Northeast pharmas pick up after the storm

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Northeast pharmas pick up after the storm
Northeast pharmas pick up after the storm
The Northeast's pharmaceutical corridor was smack in the middle of Hurricane Sandy's path, and the industry, together with the broader region, is slowly getting back on its feet.

“Production appears to be up and operating,” said PhRMA director of communications and public affairs Graydon Forrer, noting that most companies' production facilities boast backup generators adequate to ensure refrigeration in case of power failure. “From what we currently understand, the big issue is whether product is moving into affected zones, given limits on transportation and access – bridges and tunnels – whether there is a pharmacy or hospital to receive product, electricity and generator capacity for medications that require refrigeration, and other storage and handling issues.”

Princeton, NJ-based Sandoz said it had received no reports of injuries to employees, and that with exception to its Florham Park office, which houses its PharmaDerm sales force, the company's tri-state facilities have power and reopened yesterday.

“Most importantly, we believe all our employees are safe and well, though a handful remain without cell phone contact,” said VP communications Chris Lewis. “There have been no reports of injuries, though there is obviously damage to private property in many areas, particularly on Long Island.” Many employees have made it to work, he added, but gas shortages and traffic snarls have made it tough.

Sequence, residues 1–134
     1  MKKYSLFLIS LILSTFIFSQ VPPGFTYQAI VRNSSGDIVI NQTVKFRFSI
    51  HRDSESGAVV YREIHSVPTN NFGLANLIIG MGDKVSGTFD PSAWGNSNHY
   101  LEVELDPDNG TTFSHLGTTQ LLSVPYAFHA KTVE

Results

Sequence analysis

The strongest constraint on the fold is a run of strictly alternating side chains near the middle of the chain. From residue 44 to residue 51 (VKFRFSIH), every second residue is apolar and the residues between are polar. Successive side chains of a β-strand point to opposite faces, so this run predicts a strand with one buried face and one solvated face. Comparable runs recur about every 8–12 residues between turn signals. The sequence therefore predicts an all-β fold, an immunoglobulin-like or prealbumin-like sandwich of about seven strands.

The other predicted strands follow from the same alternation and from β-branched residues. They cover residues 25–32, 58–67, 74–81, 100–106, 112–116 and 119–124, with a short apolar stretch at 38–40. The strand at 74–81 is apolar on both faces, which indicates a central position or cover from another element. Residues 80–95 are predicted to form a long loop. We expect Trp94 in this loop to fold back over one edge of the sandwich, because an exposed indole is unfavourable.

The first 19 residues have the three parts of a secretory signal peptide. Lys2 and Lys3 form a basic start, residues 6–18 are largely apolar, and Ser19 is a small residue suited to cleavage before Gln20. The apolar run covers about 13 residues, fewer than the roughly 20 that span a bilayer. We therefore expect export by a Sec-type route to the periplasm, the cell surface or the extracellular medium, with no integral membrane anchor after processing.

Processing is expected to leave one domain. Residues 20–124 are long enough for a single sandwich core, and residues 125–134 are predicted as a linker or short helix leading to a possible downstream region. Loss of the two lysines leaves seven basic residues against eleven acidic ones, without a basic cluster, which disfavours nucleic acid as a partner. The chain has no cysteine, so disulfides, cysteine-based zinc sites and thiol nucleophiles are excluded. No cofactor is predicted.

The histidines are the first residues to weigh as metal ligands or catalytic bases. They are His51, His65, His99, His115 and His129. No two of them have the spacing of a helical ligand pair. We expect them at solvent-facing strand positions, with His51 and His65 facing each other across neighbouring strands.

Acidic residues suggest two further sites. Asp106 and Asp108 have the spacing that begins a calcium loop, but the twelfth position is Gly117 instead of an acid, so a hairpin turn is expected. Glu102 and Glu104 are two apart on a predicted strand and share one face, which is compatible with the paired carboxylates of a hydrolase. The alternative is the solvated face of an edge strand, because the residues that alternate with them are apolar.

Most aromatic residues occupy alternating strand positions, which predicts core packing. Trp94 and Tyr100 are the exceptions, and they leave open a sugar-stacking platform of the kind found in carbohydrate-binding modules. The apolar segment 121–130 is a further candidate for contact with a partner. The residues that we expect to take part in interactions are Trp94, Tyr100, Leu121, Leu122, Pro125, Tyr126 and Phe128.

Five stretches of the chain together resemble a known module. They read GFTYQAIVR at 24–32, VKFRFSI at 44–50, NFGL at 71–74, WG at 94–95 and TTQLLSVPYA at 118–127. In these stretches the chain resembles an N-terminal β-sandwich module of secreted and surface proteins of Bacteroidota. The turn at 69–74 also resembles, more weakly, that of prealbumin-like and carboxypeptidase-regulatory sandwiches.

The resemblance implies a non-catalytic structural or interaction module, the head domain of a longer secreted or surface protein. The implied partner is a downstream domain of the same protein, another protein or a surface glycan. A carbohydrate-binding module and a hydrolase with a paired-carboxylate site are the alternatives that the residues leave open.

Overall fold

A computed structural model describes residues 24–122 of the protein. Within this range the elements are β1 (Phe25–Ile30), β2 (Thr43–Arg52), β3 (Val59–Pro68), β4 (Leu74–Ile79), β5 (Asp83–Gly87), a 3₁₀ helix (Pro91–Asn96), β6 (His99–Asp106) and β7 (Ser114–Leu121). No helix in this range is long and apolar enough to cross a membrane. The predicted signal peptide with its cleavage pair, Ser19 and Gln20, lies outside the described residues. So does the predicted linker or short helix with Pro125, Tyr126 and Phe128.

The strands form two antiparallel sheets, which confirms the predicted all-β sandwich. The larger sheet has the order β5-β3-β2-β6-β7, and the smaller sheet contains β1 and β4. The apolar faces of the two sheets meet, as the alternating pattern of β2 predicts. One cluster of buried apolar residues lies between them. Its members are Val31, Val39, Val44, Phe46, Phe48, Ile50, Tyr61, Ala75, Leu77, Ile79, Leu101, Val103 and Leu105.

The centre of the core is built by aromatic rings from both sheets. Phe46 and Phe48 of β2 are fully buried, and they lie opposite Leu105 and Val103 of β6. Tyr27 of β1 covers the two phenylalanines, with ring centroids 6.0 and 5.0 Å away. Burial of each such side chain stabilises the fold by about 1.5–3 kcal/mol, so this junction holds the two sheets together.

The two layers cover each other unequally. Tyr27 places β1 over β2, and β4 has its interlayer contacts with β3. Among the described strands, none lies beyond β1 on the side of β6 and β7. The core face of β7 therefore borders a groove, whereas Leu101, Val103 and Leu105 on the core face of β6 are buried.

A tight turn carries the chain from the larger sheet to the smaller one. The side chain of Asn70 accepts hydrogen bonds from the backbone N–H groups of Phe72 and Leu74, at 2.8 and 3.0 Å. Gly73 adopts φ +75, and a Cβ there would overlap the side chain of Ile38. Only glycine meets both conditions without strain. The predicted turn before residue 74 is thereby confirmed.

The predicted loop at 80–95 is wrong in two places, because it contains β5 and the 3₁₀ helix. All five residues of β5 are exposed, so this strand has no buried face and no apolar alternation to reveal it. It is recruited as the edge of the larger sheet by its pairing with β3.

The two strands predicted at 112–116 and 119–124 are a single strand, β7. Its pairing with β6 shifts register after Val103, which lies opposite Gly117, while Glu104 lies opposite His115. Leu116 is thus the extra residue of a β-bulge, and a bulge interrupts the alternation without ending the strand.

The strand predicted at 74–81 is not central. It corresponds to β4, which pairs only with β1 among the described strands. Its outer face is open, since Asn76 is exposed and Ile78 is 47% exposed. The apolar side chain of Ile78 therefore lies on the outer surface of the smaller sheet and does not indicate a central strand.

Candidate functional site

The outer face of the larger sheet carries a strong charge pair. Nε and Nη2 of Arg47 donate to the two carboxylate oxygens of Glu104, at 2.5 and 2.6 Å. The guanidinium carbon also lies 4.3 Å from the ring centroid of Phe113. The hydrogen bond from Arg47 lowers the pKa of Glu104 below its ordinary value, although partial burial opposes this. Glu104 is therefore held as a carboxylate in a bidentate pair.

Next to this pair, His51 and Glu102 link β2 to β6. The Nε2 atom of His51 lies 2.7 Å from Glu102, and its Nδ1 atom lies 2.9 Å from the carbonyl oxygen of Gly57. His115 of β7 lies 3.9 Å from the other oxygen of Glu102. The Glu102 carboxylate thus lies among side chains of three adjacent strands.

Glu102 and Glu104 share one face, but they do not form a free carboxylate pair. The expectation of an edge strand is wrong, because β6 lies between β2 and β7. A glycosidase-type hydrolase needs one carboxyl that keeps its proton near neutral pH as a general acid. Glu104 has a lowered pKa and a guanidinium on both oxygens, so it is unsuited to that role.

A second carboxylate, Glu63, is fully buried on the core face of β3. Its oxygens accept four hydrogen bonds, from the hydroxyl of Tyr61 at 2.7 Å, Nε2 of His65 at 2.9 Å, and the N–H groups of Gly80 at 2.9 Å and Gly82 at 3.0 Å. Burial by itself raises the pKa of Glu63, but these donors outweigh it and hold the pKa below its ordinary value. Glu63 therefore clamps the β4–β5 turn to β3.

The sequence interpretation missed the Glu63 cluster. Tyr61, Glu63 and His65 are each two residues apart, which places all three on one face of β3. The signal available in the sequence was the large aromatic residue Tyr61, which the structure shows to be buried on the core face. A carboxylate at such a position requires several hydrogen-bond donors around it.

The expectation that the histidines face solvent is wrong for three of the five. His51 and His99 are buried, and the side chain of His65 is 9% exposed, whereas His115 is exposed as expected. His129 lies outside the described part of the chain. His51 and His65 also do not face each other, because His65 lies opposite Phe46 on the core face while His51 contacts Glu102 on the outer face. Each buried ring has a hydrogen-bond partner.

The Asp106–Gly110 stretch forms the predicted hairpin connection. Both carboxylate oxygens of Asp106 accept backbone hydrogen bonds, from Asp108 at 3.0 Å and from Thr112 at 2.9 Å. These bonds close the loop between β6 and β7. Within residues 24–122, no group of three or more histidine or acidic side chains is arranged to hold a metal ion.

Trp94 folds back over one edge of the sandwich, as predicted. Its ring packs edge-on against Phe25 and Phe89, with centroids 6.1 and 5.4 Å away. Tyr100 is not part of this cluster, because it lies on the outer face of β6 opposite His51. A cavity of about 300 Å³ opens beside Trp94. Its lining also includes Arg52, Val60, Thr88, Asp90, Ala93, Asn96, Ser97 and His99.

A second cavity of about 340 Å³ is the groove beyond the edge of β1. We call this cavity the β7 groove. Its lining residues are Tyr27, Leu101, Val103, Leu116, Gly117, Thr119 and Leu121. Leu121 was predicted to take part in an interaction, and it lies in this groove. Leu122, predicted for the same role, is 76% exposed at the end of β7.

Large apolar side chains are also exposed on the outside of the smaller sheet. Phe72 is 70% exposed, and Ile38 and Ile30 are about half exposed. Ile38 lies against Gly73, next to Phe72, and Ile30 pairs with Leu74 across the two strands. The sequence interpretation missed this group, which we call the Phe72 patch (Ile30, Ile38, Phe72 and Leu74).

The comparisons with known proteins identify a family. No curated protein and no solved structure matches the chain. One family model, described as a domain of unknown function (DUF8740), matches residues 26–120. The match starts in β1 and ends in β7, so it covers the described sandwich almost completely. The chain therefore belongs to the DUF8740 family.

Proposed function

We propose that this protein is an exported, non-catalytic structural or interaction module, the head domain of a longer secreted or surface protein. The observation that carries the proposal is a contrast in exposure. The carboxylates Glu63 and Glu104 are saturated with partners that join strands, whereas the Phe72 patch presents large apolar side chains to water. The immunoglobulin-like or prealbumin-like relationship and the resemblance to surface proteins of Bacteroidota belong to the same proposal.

Bayer said it had no reports of injuries and most Northeastern sites were up and running by Friday. The company said it would contribute $75,000 each to the American Red Cross and Save the Children for relief efforts through its Bayer USA Foundation.

Though its Fort Washington, Pennsylvania office reopened today and manufacturing and operations are ‘go,' Janssen's commercial locations in New Jersey remain closed and many of its employees are without power, said one exec. Roche sites in Branford, CT and Branchburg and Nutley, NJ were idled by the storm, but all are back up and running. Purdue's Stamford headquarters reopened Wednesday.

In New York City, Pfizer was fortunate. The company's headquarters, on 42nd Street in Manhattan, is just two blocks north of the East Side blackout zone, still dark as of this writing (farther west, MM&M's offices, at 26th Street and Sixth Avenue, have power, though the block to the south does not). Thousands of lab rats and mice at an NYU research center a dozen blocks south weren't so lucky – they drowned when the facility was flooded, setting a host of medical research programs back years. Hundreds of patients at area hospitals had to be evacuated following power failures.

The storm gave PhRMA and other medical industry stakeholders a chance to put their RxResponse program, designed to coordinate delivery of medicines in the event of an emergency, into action. Established in the wake of Hurricane Katrina, which devastated New Orleans in 2005, RxResponse members include trade organizations representing hospitals, generics manufacturers, biotechs and chain drug stores as well as the American Red Cross. It gives those groups a means of coordinating crisis response and informing patients and caregivers as well as governments of where medicines are available, through its Pharmacy Status Reporting Tool, which has received 1665 page views and 1046 unique page views this week. It also offers a downloadable medication card for recording needed meds in case of evacuation.  
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